According to the logic of marijuana lobbyists, it is a bad thing that the Federal government disrespected the will of all the slave states and the states that wouldn't enforce desegregation. In actuality, the responsibility of Congress is not simply to follow changing popular opinion but rather to responsibly “promote the general welfare" of U.S citizens as stated in the preamble to the Constitution. When money interests unduly influence popular opinion to the detriment of its citizens, (as the slave trade did -- and their supporting "science" claimed that the order of brain size and intelligence was white male, white female, black male, black female) it is time for elected representatives to make an informed stand. Should D.C. be able to have voting representatives in Congress and be able to pass its own laws without Congressional review? I am one of many who would say yes. But when D.C. or any state enacts legislation that will specifically target and harm segments of a population, it is time for elected officials to intervene. I am glad that Congress blocked an initiative that would have led to the legalization and commercialization of a third legal recreation drug that would disproportionally target and affect minority communities.
There are already more liquor stores on our corners. The American Lung Society reports that “As smoking declines among the white non-Hispanic population, tobacco companies have targeted both African Americans and Hispanics with intensive merchandising, which includes advertising in media oriented to these communities and sponsorship of civic groups and athletic, cultural, and entertainment events.” Why do we want to allow a third legal recreational drug further target minority youth that already face disparities in educational and job opportunities? Tobacco companies are already waiting to market marijuana and have been quoted as saying, “The use of marijuana … has important implications for the tobacco industry in terms of an alternative product line. [We] have the land to grow it, the machines to roll it and package it, the distribution to market it.” Why should we believe that the marketing of marijuana companies will be any different than that of the executives like those of R.J. Reynolds Tobacco Company that when asked why they didn’t smoke said “We reserve that right for the poor, the young, the black and the stupid."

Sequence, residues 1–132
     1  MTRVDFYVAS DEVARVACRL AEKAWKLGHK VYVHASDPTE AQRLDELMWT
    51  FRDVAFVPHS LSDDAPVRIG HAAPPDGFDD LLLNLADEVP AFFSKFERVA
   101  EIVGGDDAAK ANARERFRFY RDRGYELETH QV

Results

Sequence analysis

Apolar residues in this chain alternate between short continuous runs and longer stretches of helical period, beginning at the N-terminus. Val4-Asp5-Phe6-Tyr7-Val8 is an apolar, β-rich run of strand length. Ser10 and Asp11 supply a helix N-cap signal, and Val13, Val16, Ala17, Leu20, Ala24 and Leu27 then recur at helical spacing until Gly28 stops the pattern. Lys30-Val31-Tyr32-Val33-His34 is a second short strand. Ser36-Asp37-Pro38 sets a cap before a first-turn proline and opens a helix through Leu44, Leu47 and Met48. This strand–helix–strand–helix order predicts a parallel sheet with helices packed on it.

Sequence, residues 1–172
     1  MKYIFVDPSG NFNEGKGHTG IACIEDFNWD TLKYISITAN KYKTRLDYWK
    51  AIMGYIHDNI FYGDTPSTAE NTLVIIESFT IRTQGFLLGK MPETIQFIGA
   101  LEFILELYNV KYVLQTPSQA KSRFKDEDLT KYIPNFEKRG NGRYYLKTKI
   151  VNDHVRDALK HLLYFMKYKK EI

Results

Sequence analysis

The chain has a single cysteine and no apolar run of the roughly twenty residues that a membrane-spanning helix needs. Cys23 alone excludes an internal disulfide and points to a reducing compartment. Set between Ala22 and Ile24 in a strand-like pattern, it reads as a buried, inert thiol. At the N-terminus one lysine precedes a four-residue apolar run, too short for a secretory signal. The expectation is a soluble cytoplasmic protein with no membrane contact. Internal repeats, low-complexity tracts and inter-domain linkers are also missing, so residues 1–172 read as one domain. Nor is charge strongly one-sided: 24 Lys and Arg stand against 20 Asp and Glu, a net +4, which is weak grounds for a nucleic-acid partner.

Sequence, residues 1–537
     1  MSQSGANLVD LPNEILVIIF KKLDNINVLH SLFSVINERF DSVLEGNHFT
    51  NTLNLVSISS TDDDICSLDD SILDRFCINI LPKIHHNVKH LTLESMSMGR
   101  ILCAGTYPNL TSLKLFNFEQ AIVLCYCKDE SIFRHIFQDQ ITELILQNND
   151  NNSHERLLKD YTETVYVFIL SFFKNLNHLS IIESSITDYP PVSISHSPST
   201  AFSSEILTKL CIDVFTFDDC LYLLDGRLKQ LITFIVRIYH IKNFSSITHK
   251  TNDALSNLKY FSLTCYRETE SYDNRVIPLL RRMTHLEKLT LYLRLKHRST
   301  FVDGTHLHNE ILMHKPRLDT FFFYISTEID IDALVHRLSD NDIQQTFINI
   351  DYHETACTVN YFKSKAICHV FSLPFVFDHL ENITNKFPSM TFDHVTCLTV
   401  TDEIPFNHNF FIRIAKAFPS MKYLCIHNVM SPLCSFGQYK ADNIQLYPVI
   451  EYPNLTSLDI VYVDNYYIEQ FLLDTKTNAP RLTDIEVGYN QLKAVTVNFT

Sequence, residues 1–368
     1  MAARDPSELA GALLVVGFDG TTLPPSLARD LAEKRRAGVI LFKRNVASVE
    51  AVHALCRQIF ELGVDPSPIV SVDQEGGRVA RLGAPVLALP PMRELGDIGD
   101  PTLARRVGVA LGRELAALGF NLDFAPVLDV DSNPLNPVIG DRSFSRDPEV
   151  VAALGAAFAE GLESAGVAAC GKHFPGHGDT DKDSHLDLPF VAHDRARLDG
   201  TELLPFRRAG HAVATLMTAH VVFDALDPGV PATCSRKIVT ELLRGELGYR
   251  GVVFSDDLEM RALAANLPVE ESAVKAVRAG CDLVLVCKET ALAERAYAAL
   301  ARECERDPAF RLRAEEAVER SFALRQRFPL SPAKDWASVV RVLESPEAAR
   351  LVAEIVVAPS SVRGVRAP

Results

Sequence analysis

Finally, by Congress intervening they promote and protect the general welfare of youth who would be most affected by the marijuana industry. Yes there are drug dealers that kids can and do get drugs from. But professional corporations are drug dealers as well -- and far more effective than the shady drug dealer hanging out on the street corner. A look at the numbers of users of alcohol and tobacco versus marijuana illustrate this. Across the nation, there are 136 million users of alcohol with 70% of 12th graders admitting to using alcohol according to the CDC. There are 65 million tobacco users and a staggering 68% became addicted at the age 18 or younger according to the American Lung Association. Compared to those figures, there are just 19 million marijuana users and 21% of 12th graders use marijuana according to NIDA.
Despite the serious health risks associated with marijuana use, particularly for younger users, there are those who are blinded by the money from an industry that many estimate could be bigger than the NFL and will do or say anything to get it taxed and regulated like alcohol and tobacco. Businessmen are looking for a new industry and elected officials are looking for a new profitable tax revenue source. Some have gone so far as to say that kids should be able to purchase marijuana in stores. Councilman Grosso, one of the biggest supporters of legalization in D.C., is one of those and told CBS DC that marijuana should not be illegal because, “it’s just leading a lot of kids right to jail. Until they’re able to purchase this in a regular store and not have any consequences, that’s what it’s going to continue to do.”
No one wants youth to go to jail for smoking a joint, but D.C. has already decriminalized marijuana and Congress is not interfering with that. But when popular opinion and elected officials are ready to jeopardize the health of our youth for money, it is time for the Congress to intervene.
TIE DC founder Will Jones